Privatisation in Cyprus: Governance should take centre stage

13 December, 2013 | Posted By: Petros Florides

Privatisation: Governance should take centre stage

- Troika says privatisation will usher a new era of professionalism and competition that will benefit the customer

By Petros Florides

Despite the Memorandum of Understanding between Cyprus and the troika that includes the privatisation of state utilities, vociferous opposition exists with threats of industrial action. Putting aside the requirement to raise much needed funds, there are good arguments to be made on both sides of the privatisation debate. Each can learn something from the other if maturity prevails within an environment of appreciative inquiry.
In any event, the over-charged and under-served customer is probably more concerned about how these utilities are governed and managed rather than ownership. For its part, the troika argues that in the addition to the EUR 1.4 bln hoped-for sale proceeds, privatisation will usher a new era of professionalism and competition that will ultimately benefit the customer.
Most neutral observers would agree the wider public sector is inefficient and largely self-serving. Decades of political meddling whilst pandering to specific interest groups have seen monopolistic profits squandered with the long-suffering customer feeling of least concern. Unfortunately, the systemically important private industry has shown itself to be no better. The Bank of Cyprus and Cyprus Popular Bank were commercial companies listed on the Cyprus Stock Exchange and operating in a highly competitive environment. Yet still, both collapsed after catastrophic failures of corporate governance and gross mismanagement leaving the customer to shoulder much of the burden. This should serve as evidence that non-state ownership and competition is no guarantee of a well governed or properly managed organisation focused on the best interests of the customer.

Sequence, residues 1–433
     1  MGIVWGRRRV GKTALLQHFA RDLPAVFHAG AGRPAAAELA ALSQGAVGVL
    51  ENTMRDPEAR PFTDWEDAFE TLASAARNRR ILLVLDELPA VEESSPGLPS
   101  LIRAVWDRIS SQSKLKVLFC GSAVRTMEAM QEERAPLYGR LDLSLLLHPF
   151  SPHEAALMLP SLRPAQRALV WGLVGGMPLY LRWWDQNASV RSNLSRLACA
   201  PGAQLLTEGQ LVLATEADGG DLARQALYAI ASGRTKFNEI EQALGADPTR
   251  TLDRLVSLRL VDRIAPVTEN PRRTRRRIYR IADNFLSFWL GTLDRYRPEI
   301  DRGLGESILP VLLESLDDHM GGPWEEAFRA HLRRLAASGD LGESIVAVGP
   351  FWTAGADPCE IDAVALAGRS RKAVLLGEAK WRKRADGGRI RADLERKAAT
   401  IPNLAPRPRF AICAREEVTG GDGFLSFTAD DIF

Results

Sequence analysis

We could also learn from the experience of other countries. In the UK during the 1990s, there was great public anger over newly privatised utilities operating as monopolies and breeding “fat cat” directors. The result was the Greenbury Report (since folded into UK Corporate Governance Code) aimed at curbing excessive salaries and bonus payments despite, in some cases, worsening services. Two decades on, the UK’s experience with privatising state utilities and other infrastructure (rail, etc.) is still one of mixed results. For example, whilst the privatisation of telecommunication is largely considered a great success, ever-increasing energy bills and the real possibility of future electricity blackouts after years of under-investment has dominated the most recent political party conferences. Incidentally, the third choice of ‘mutualised ownership’ has also proven to not be a fail-safe option: the UK’s Co-Operative Bank now requires urgent recapitalisation of £1.5 bln amidst allegations of political interference, hubris and incompetence. Unfortunately, this sounds all too familiar.
In the final analysis, the question of whether to privatise public utilities in Cyprus may be moot as economic imperatives force our hand, despite the protests. But, as we have seen, the claim of the troika that privatisation will also lead to greater efficiency and customer satisfaction is not necessarily true.